Investing in infrastructure, a country can develop and grow. But there is more to it than just building streets and bridges, railway tracks or sewage systems. Infrastructure also has to be properly maintained. In the US, we are great at building out our infrastructure, but we lack the skills, money and willingness for the maintenance part.
This is especially true for residential septic systems, as they are embedded in the ground, so we can’t see them (other than a bridge) and inspections are unregulated for the most part. People tell me that their septic system hasn’t been inspected for over 10 or 20 years or that their system doesn’t need any maintenance at all – but nothing could be further from the truth!
‘But why do I have to pay for an inspection? I’ve never had a problem.’ Unfortunately, it’s not that easy. A failing septic system can appear to be fully functional for years to come before you start to notice that there actually is something wrong. And this is what makes them so dangerous for us and our environment…
Failing Septic Systems Damage Our Environment
What impact do failing septic systems have on our environment? A failing septic system can cause:
- the build-up of sludge that reduces the tank’s capacity and prevents wastewater from getting treated properly before it enters the drain field,
- the build-up of sludge to an extent that it starts entering the drain field itself and causes a complete system failure.
In both scenarios too many bacteria and viruses that can cause dysentery, hepatitis and typhoid fever accumulate in the soil and, due to rain and other water movement, end up in our surface and groundwater resources leading to environmental pollution and public health problems.
For the sake of completeness: Septic systems (even the ones that don’t fail) cause the transport of nitrates into our soil and ultimately into our water (because soil absorbs only small amounts of nitrate). Nitrate is toxic to the human organism in relevant quantities and can render a water source unfit for human use. Furthermore, nitrogen, which is a component of nitrate, causes algae blooming. Once the algae dies, microorganisms that feed on them reduce the amount of dissolved oxygen in the water. If oxygen saturation falls below 30%, water is referred to as hypoxic and is incompatible with maritime life.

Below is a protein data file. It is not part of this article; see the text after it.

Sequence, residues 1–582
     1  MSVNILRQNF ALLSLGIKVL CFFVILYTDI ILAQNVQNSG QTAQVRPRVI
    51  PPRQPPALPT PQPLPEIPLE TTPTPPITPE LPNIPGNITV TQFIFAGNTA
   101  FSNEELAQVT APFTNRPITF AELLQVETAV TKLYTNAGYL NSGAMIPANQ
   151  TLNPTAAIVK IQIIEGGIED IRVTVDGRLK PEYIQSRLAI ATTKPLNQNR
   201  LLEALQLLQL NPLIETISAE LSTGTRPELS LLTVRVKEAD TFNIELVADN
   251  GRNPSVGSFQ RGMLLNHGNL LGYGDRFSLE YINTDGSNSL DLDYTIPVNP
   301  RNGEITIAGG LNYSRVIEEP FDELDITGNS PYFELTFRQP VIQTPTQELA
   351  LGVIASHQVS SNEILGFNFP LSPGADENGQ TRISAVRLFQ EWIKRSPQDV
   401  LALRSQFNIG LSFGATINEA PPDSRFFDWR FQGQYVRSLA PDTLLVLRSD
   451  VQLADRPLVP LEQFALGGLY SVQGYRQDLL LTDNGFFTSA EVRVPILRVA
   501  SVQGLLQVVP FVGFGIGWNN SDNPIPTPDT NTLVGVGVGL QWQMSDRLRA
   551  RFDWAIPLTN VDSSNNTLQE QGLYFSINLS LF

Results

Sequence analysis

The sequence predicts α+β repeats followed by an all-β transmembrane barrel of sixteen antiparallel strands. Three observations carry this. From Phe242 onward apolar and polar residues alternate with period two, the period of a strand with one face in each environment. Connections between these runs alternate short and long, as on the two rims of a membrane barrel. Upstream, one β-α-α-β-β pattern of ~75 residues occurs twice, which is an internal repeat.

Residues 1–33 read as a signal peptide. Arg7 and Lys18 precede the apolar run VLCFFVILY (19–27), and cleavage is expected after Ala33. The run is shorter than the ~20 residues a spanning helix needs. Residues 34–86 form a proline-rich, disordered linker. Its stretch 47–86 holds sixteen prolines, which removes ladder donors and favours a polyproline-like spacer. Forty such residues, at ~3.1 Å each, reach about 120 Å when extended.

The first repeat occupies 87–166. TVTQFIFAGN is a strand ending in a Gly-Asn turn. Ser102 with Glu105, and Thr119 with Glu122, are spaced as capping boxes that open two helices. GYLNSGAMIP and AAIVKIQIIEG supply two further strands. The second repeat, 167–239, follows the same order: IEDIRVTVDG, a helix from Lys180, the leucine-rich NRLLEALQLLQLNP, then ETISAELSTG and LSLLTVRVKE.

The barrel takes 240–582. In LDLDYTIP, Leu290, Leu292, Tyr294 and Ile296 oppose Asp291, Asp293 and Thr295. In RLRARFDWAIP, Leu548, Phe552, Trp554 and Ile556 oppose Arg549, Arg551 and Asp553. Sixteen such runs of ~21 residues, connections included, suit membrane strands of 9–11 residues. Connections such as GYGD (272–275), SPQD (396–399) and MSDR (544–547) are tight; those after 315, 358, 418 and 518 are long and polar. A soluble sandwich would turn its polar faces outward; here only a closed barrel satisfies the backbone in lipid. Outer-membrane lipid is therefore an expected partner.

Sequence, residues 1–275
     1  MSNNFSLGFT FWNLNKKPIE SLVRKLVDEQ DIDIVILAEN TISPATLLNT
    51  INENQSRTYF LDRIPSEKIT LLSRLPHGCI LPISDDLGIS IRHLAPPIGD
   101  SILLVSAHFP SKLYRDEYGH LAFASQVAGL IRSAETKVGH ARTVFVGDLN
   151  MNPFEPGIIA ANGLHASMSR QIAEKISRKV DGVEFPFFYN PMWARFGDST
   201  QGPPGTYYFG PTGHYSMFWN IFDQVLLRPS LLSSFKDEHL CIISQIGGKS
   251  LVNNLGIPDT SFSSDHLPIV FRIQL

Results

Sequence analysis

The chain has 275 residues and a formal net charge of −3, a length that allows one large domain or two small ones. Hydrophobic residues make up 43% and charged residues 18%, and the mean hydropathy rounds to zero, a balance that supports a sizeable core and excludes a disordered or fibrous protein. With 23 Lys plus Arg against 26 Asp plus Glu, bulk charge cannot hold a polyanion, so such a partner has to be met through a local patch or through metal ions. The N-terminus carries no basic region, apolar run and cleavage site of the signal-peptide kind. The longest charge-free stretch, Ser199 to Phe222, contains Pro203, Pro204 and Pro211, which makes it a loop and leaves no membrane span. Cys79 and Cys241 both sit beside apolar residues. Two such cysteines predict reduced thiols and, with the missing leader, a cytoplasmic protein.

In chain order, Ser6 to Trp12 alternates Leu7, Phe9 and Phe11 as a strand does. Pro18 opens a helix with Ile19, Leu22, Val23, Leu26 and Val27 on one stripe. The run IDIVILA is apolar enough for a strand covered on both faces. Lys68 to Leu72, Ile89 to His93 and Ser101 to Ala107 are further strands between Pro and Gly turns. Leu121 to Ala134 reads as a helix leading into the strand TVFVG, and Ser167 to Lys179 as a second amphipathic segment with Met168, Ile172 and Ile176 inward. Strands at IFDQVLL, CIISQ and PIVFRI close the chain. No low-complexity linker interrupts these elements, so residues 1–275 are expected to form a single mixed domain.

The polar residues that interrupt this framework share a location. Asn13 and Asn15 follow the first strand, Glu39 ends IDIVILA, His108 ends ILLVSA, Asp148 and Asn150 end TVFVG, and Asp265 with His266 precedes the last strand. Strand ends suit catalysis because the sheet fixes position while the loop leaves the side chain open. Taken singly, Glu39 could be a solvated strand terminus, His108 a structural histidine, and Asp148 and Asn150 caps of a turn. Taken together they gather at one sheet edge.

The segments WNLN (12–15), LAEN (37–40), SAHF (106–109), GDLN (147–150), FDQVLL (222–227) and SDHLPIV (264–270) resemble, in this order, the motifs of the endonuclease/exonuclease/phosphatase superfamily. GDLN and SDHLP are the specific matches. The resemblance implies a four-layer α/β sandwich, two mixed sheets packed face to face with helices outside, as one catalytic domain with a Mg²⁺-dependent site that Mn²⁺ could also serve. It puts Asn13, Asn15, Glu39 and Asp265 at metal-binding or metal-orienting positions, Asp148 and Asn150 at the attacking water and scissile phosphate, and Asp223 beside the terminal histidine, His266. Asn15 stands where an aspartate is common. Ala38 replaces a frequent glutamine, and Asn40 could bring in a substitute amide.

How To Know If A Septic System Is Failing
Here are the most common indicators that can be a sign for septic system failure:
- Slow drainage or sewage backup in drains and toilets,
- unpleasant and pungent odors around your house,
- excessive grass growth in the drain field area, even during dry months,
- excessive growth of aquatic weeds or algae in lakes or ponds adjacent to your home.
How To Prevent System Failure
Whoever has not yet understood, a failing septic system is really bad news. That’s why it is crucial to take care of it the right way, because your system doesn’t have to fail. All you need to do is maintain and use it correctly. After all, prevention is still better than repair, isn’t it? So what do you have to do?
First of all, you have to understand how the specific septic system in your home works. You have to know how big your tank is and its current filling level of sludge. You have to know approximately how much sewage your family produces and you have to find out, when your tank was pumped out last. All that information is needed in order for you to know, when it’s time to empty your septic tank next.
It’s important that your septic system is emptied on a routinely basis – I can’t stress that enough. How often? That varies from system to system and depends on tank size, intense of use, system age, etc. As a rule of thumb, have your system inspected at least every 4 years and pumped out, if needed.
Secondly, make sure that every member of your family has understood what they are and aren’t allowed to flush down the drain. Because, as many of you apparently don’t know, a septic system is NOT a magic machine that swallows everything you throw into its throat and make it vanish.
For example, the improper use of a septic system has been shown to contribute to groundwater contamination by toxic chemicals (heavy metals, toxic household products) and organic chemicals (septic tank cleaning products).
Be On The Lookout
Keep in mind that the first one who suffers from a failing septic system is you and your family. So pay attention to how you use it and ensure that your system is well maintained and inspected at least once in a 4-year period.
If you notice 1 of the indicators that occur, when a septic system is failing, act immediately and seek professional support.
DO YOU HAVE A QUESTION ABOUT YOUR SEPTIC SYSTEM?
E-Mail it to me by clicking here and I will answer it as soon as I can. If don’t get back to you within 5 days I may have missed it so try resending it.